Following Dan Kimball's Missional vs. Megachurch conversation
Willow Creek REVEAL's second book Follow Me tells us very little

60 Theologians on an Ecclesiological Spectrum

What is a church?  Allow me in this post to introduce you to three phrases:

esse notae ecclesiae (essential marks of the church)

bene notae ecclesiae (good marks of the church)

plene notae ecclesiae (full marks of the church)

My thesis is that there are substantive differences along the ecclesiological spectrum regarding the first category--the esse notae ecclesiae (essential marks of the church) but that there is ecumenical potential--that is their possibility for broad consensus--around the second and third categories.

All Christians believe that a church should be "one holy catholic and apostolic" as the Nicene Creed says.  All Christians believe a community needs a few "essential marks of the church" (esse notae ecclesiae) to be "a church."  Roman Catholics and Eastern Orthodox require structural identification with what they perceive to be "the Church" that traces its identity back to the apostles through apostolic succession.  The Reformers are famous for calling for two marks: "the Gospel is rightly taught and the Sacraments are rightly administered."  Others suggest "a church" is any group that gathers in the name of Jesus:  "For where two or three come together in my name, there am I with them" (Matthew 18:20).  

I have made a list below of lots of theologians and I have guessed where they might fall on the ecclesiological spectrum.  The ones at the top would have more formal requirements for what constitutes "a church."  The ones at the bottom would consider a community to be "a church" with relatively few formal requirements. 

All believe that their version of formal requirements and flexibility best conform to the New Testament parameters.  The ones at the bottom of the list with fewer formal requirements might say that their churches are actually "stricter" in some respects.  Thus, I labeled the list "high church" to "low church" not "very strict" to "less strict."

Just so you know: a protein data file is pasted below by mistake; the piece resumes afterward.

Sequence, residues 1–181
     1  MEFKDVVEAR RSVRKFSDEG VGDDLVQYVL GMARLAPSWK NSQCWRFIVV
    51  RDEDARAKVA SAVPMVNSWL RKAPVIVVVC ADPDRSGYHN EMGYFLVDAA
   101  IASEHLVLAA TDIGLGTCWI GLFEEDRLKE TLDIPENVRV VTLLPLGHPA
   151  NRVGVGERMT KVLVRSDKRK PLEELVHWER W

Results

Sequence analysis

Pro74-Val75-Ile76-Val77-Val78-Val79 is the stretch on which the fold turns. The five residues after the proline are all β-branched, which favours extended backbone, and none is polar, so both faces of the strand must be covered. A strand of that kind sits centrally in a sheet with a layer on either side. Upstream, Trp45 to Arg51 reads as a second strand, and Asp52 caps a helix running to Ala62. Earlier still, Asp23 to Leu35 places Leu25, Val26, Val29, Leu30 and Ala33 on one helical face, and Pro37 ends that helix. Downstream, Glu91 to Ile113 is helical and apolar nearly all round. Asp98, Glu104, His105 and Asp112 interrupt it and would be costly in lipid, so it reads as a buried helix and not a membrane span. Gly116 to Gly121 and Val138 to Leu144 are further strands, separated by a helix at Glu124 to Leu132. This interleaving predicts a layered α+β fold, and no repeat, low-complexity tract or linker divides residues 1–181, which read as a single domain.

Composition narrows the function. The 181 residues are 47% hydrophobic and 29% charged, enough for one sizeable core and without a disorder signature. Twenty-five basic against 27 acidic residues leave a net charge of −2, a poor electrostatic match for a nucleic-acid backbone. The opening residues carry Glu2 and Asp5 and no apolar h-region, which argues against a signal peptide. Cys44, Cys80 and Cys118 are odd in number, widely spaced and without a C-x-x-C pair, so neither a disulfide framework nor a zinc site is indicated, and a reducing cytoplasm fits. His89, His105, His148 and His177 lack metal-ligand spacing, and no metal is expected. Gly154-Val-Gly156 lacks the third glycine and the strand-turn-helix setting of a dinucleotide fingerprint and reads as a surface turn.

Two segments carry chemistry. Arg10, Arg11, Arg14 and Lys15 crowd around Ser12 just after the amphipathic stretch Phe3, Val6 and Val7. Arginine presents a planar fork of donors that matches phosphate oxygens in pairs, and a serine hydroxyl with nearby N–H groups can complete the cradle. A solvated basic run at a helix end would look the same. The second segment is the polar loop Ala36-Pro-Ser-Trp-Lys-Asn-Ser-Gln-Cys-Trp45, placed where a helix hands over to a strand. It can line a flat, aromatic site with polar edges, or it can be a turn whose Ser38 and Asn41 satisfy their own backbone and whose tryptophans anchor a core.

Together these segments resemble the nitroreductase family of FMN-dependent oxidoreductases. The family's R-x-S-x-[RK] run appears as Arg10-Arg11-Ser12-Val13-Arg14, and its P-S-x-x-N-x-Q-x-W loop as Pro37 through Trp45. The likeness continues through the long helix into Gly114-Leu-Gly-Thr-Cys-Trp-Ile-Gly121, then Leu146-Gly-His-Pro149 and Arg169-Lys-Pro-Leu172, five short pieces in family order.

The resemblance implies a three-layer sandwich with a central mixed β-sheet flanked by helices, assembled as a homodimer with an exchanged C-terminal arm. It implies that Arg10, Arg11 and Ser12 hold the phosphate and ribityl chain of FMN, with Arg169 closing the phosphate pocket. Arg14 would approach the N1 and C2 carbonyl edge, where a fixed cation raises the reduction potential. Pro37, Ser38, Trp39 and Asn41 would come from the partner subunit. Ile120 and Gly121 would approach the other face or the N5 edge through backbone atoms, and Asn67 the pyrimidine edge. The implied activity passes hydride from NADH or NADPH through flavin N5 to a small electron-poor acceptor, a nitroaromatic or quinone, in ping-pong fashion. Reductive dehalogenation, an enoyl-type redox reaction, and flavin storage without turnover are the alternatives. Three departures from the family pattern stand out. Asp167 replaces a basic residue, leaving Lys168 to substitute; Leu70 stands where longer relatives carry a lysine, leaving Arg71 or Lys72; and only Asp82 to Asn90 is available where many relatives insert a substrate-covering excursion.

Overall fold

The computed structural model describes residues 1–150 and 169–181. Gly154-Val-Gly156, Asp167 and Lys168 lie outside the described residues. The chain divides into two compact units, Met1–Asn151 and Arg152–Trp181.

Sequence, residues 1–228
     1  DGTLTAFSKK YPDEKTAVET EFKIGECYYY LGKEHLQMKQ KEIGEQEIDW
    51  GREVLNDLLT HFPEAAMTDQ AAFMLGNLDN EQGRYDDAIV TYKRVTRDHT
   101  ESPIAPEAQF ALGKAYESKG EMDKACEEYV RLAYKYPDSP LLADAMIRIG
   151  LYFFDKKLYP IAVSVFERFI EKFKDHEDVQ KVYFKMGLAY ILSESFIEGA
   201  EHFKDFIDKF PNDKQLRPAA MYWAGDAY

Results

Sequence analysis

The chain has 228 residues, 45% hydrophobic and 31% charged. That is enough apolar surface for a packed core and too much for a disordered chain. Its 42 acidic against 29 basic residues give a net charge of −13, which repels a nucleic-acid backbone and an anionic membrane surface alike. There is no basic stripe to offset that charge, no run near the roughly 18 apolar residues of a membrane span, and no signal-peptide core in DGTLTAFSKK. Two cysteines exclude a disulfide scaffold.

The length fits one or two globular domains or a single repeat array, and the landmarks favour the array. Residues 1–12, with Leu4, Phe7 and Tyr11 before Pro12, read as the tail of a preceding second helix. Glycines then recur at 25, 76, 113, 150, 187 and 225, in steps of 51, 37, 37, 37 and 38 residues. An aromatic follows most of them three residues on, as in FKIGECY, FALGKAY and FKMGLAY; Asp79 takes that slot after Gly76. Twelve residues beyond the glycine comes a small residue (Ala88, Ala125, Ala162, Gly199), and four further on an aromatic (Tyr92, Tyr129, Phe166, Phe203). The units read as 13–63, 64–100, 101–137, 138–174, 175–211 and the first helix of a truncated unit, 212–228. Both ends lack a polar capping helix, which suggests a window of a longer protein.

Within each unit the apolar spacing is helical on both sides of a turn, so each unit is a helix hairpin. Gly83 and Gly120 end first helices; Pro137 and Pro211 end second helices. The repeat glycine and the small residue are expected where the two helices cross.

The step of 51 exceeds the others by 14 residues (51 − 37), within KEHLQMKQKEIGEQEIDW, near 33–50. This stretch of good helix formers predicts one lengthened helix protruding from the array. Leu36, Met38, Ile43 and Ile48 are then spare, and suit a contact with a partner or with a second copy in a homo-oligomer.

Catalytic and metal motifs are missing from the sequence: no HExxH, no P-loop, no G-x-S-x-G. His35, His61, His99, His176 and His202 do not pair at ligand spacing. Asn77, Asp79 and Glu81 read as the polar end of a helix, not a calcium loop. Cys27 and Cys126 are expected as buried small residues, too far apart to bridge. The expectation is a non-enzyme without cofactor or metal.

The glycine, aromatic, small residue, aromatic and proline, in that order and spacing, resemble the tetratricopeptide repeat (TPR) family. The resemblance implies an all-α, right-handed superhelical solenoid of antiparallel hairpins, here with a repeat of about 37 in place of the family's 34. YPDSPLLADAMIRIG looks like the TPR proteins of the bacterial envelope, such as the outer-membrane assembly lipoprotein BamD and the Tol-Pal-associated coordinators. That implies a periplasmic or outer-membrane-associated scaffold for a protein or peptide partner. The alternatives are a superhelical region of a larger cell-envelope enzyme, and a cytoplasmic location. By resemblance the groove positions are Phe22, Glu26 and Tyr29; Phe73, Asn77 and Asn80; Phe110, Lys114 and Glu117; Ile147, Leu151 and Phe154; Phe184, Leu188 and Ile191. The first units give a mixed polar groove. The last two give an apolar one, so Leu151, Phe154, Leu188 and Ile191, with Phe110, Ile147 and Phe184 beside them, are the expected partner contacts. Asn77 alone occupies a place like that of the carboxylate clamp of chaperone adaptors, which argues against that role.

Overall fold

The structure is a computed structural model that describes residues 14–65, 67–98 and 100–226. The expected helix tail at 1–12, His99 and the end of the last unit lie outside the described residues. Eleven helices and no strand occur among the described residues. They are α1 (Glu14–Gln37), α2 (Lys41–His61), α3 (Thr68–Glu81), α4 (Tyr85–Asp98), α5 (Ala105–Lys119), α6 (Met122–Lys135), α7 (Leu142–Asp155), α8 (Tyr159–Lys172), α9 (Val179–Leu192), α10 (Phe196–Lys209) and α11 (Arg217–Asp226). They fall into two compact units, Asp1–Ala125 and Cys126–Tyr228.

Though these theologians would disagree strongly about what is essential, they would all agree that "a church" should grow closer to what it is supposed to be--developing more bene notae ecclesiae (good marks of the church) and they all aspire to have the plene notae ecclesiae (the full marks of the church).  Perhaps the latter two areas are where we can find the most ecumenical consensus. 

In my papers on the missional ecclesiologies of Anglican and current Archbishop of Canterbury Rowan Williams and the the Mennonite ethicist (1927-1997) John Howard Yoder, I reflect on the central practices in their ecclesiologies.  For Williams, these are esse notae ecclesiae (essential marks).  Yoder's five practices in Body Politics are bene notae ecclesiae (good marks of the church).

The four practices I draw from Williams are these:

(1) moral discernment oriented by martyrdom (drawn mostly from his book Why Study the Past?)

(2) participation in the sacraments

(3) standing under the authority of Scripture

(4) communicating the Good News drawn from a letter. 

For the latter three practices see, Williams's “Archbishop of Canterbury's Advent Letter,” The Anglican Communion Official Website (14 December 2007). 

Williams hoped that the Anglican Communion would rally around these constitutive practices--esse notae

On the other hand, John Howard Yoder describes well the thriving church--bene notae.
(1) Binding and Loosing / reconciling dialogue
(2) Disciples Break Bread Together / Eucharist
(3) Baptism and the New Humanity / Baptism
(4) The Fullness of Christ / Multiplicity of gifts
(5) The Rule of Paul / Open meeting

Yoder does not intend to be comprehensive in his list--he calls these "sample" practices--and therefore, even though they are inspiring, they do not constitute a full ecclesiological foundation (as I argue in my paper).

If you are interested in this topic, you will want to read Miroslav Volf's book After Our Likeness: The Church As the Image of the Trinity. Volf engages Cardinal Ratzinger (now Pope Benedict XVI) and John Zizioulas--both of whom are near the top of the list--over the issue of esse notae.  Volf argues that a community of people is "a church" if they "gather in the name of Jesus" and he adds a few more esse notae.  Thus, he is pretty close to the bottom of the list.  He is arguing that being "at the bottom of the list"--having a free church theology--can be theologically legitimate.

Therefore, as we think about ecclesiological differences with others, I think it is worth reflecting on not only our differences as evident on the spectrum below, but also about the possibility of common purposes in the bene and plene notae.